If the funding request is for non-emergency surgery, all surgical and non-surgical options need to be considered. S.O.S. may require the applicant to seek a second opinion and/or further evaluation to ensure that the suggested surgery or treatment is the only option for ensuring a good quality of life for the dog. In the event that a second opinion is requested, S.O.S. will pay for the second opinion.
S.O.S. generally cannot help with cataract surgery, nor with consultations about cataracts. If an applicant decides to pay for a consultation with a veterinary ophthalmologist, and that ophthalmologist is very confident surgery will greatly improve a dog’s sight, we may consider helping with surgery.
Funding for TPLO cruciate ligament surgery may be considered for only a small portion of the total cost, if at all, and only then if, in the opinion of the veterinarians consulted, there are no other options that will result in a satisfactory prognosis. In addition to being very costly, this surgery does not reflect an immediate or emergency need for a dog and there are alternative treatments/surgeries (such as lateral suture stabilization or extra-capsular repair) available which are much less expensive.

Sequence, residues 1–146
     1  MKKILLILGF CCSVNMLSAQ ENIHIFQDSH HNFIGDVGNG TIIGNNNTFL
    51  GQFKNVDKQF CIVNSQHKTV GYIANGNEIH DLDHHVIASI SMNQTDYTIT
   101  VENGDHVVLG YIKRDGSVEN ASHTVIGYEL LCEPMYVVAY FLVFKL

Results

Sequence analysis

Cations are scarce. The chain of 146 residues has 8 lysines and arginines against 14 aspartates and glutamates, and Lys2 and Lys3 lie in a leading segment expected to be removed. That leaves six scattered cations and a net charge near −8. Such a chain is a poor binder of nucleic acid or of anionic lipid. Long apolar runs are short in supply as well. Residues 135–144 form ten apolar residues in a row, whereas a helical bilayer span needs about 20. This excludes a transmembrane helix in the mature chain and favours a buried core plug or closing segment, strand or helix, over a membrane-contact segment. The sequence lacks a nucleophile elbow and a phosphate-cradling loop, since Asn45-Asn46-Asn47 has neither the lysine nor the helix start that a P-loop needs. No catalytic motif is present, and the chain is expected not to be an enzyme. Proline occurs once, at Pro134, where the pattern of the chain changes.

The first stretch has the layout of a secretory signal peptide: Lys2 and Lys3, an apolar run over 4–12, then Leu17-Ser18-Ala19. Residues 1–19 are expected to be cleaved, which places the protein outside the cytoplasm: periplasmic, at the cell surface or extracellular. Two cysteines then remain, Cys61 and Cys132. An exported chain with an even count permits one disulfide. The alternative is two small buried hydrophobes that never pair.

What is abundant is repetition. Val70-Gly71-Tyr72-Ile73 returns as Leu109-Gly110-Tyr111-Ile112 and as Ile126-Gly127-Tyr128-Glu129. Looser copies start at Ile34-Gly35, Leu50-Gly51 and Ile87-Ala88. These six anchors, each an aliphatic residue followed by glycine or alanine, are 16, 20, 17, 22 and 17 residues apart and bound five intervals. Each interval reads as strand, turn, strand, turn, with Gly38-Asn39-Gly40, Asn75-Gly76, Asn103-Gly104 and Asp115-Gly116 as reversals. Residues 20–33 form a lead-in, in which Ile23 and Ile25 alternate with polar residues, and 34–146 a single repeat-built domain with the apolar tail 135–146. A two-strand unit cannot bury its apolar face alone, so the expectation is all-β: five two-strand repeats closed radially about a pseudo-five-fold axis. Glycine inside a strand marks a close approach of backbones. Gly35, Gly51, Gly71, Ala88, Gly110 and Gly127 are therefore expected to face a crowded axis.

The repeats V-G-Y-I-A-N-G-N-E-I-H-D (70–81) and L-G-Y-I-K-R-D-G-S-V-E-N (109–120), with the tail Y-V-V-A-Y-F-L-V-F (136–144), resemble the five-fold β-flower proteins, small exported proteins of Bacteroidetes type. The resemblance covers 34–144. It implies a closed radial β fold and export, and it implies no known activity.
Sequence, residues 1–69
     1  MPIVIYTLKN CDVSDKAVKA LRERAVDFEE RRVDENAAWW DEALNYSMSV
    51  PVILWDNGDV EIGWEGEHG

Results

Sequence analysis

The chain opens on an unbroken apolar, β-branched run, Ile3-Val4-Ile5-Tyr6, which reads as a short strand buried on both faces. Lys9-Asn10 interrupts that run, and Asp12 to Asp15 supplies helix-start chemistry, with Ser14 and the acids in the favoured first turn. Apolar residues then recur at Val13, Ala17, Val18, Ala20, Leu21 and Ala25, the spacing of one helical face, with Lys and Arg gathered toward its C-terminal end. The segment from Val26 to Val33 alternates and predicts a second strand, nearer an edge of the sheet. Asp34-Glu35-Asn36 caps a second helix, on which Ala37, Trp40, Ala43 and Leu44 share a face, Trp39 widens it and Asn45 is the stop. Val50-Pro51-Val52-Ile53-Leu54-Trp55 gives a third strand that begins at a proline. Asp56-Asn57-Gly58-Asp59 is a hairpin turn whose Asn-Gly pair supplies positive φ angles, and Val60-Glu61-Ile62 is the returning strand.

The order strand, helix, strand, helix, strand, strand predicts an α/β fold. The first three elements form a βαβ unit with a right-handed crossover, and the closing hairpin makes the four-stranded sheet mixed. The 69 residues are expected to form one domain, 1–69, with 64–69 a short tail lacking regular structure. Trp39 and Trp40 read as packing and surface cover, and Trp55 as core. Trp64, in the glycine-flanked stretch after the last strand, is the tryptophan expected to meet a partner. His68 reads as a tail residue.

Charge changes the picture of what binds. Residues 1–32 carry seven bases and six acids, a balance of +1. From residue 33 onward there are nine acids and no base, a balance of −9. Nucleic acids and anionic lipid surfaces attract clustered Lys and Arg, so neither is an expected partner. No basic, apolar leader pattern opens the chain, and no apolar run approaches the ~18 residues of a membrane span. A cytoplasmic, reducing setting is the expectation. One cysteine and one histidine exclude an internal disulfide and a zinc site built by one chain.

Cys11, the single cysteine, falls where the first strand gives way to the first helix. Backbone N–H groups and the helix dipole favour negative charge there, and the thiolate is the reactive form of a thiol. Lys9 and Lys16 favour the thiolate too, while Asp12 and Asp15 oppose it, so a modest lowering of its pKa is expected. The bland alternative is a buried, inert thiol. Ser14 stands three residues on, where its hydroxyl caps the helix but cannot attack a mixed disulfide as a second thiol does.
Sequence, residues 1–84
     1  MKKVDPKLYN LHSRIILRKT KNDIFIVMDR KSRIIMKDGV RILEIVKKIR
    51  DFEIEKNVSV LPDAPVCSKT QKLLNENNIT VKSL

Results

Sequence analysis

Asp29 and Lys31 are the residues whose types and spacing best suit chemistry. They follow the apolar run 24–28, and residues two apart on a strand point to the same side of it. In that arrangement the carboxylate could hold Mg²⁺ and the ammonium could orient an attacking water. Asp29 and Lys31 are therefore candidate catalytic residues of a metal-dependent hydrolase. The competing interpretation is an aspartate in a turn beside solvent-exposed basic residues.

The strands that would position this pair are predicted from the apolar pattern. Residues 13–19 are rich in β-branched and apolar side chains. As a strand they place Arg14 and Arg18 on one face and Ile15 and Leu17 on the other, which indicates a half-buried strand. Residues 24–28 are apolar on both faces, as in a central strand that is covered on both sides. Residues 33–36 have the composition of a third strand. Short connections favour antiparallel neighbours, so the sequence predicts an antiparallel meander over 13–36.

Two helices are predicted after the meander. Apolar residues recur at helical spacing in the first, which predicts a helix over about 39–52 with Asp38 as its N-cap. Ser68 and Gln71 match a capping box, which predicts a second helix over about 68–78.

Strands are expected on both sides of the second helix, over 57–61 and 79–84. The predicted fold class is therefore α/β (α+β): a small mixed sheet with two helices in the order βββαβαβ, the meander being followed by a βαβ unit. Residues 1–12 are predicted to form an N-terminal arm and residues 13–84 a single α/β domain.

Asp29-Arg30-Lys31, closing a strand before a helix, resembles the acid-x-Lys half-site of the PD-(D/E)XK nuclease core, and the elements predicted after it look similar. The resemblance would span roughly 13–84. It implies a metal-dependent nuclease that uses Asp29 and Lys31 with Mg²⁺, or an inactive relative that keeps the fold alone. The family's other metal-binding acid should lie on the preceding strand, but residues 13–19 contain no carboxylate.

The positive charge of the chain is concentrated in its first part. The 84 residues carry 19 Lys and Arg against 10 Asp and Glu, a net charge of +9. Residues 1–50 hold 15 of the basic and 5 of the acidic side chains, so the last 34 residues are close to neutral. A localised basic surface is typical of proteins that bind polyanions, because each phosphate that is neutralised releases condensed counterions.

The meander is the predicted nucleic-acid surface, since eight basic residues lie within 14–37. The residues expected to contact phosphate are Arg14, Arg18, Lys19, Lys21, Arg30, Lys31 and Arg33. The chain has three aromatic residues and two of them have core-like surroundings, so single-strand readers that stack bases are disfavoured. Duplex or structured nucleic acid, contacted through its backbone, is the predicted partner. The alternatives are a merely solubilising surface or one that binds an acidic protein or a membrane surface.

Applications for the treatment of congenital orthopedic conditions will be considered with the following additional requirements:
a. If the funding request is for surgery to correct a congenital orthopedic condition, the veterinarian has assessed the condition and is of the opinion that the dog’s quality of life and adoptability will be significantly compromised without surgery, as opposed to other maintenance treatment options.
b. If the funding request is for the correction of hip dysplasia, all surgical options need to be considered. Total hip replacements and triple pelvic osteotomy (as opposed to femoral head ostectomy or other procedures) may be partially funded by S.O.S. only if, in the opinion of the veterinarian and S.O.S. veterinary advisers there are no other options that will result in a satisfactory prognosis.